The ALS Association in the US and the ALS Society of Canada are among the funding partners for a clinical trial in North America that will attempt to build on promising indications from preclinical research and a small, open-label human study that the standard mood stabiliser lithium could slow disease progression in Amyotrophic Lateral Sclerosis (ALS).

The next step is a double-blind, placebo-controlled trial with 84 early-stage ALS patients at sites in the US and Canada, who will be randomised to either lithium or placebo. Once the 84th patient has been enrolled, a decision will be taken on whether to expand the trial to 250 patients. The treatment will last for up to one year, with regular safety assessments and measurements of disease course over that time. Eligible patients will be within three years of their diagnosis and will not already be taking lithium.

The ALS Association, based in Calabasas Hills, California, will support the trial through its TREAT ALS (Transitional Research Advancing Therapies for ALS) initiative, using the TREAT ALS/NEALS Clinical Trials Network. NEALS is the North East ALS Consortium, a group of US academic investigators with extensive experience in ALS clinical trials that was set up in 1995. The Consortium formed a partnership with the ALS Association in June 2007 to provide a network of clinical investigators ready to test promising compounds in patients with the disease.

An addition to the Association and the ALS Society of Canada, the funding partners for the new study include the US National Institutes of Health/National Institute of Neurological Diseases and Stroke.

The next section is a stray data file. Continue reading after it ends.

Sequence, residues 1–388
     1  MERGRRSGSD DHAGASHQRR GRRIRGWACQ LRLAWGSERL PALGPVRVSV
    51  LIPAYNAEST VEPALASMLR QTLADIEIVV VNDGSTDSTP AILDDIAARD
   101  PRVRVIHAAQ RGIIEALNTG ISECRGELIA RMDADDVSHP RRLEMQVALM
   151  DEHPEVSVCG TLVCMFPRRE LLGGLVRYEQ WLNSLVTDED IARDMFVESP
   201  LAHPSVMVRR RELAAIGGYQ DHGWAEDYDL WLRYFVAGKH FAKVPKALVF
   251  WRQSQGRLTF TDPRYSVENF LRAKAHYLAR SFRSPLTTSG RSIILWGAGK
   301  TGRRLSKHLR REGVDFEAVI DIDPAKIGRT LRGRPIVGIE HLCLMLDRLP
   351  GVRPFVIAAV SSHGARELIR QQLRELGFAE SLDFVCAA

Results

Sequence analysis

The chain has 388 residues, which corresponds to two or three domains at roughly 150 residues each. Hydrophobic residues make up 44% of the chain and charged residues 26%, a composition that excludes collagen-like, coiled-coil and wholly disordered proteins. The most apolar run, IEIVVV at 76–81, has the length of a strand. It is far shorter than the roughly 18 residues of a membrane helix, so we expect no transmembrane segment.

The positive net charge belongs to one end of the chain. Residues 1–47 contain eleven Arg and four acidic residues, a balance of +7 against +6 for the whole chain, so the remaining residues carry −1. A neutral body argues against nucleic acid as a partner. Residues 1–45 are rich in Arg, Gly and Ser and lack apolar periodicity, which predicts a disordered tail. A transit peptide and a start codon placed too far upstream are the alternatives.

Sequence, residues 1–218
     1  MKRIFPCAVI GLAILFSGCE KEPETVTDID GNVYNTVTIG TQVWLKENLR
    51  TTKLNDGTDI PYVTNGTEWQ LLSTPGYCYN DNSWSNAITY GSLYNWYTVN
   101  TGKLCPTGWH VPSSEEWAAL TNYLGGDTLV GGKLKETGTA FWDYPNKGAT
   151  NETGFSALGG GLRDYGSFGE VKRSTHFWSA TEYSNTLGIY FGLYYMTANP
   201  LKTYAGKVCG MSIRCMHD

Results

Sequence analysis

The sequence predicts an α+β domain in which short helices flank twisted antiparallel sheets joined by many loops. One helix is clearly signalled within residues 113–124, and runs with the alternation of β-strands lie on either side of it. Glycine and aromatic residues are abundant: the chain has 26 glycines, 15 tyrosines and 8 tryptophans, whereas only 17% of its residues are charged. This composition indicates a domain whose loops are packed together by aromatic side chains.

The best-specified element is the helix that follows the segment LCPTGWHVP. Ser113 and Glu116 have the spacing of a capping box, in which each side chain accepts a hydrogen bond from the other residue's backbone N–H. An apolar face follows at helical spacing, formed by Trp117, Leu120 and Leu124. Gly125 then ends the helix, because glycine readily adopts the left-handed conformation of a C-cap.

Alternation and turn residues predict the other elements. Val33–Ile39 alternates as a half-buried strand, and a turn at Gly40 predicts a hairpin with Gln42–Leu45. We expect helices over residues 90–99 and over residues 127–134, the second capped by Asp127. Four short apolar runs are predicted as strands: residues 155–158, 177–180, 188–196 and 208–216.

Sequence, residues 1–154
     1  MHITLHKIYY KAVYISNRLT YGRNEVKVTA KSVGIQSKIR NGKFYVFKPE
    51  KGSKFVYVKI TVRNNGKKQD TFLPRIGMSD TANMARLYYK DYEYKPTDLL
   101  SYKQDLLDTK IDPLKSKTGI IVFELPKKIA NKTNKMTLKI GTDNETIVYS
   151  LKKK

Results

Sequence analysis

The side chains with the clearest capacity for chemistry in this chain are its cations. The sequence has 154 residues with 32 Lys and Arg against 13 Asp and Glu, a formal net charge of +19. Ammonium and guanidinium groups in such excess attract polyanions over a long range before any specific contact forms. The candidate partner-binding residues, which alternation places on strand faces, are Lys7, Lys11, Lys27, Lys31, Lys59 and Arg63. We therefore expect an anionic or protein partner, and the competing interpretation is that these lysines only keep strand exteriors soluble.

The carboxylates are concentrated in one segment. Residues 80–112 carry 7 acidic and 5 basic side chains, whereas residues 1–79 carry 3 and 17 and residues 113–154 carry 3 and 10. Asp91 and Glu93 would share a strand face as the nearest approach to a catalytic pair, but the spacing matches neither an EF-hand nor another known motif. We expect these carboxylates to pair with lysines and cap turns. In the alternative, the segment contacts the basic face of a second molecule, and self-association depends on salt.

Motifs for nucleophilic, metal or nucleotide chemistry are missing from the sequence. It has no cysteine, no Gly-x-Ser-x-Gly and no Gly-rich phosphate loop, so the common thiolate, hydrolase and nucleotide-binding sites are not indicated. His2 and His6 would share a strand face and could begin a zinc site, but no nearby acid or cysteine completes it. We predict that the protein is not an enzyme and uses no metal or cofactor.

Also known as Lou Gehrig’s disease, ALS is a progressive neurodegenerative condition that affects nerve cells in the brain and spinal cord, usually with fatal consequences. In animal models of neurodegenerative diseases, including Alzheimer’s and Parkinson’s, lithium has been shown to protect neurons in the brain. More recently, the ALS Association noted, the same effect has been demonstrated in a mouse model of ALS, in which lithium prolonged survival and protected cells in both the brain and spinal cord.

In February 2008 an Italian team led by Francesco Fornai from the Department of Human Morphology and Applied Biology at the University of Pisa published the results of a small parallel-group, randomised study of lithium in ALS in the US journal, Proceedings of the National Academy of Sciences. Out of 44 adults with ALS, 16 were randomised to the approved ALS treatment, riluzole (Rilutek), plus lithium, and the remainder to riluzole alone.

As the ALS Association pointed out after 15 months no deaths had occurred in the 16 patients treated with riluzole plus lithium, whereas 29% of the riluzole-only group had died. Disease-related disability was also markedly less pronounced in the riluzole-lithium patients. Nonetheless, the Association cautioned, the trial was limited by the small number of patients, which could not account sufficiently for the diagnostic and prognostic variability in people with symptoms of ALS, and by the lack of a placebo control.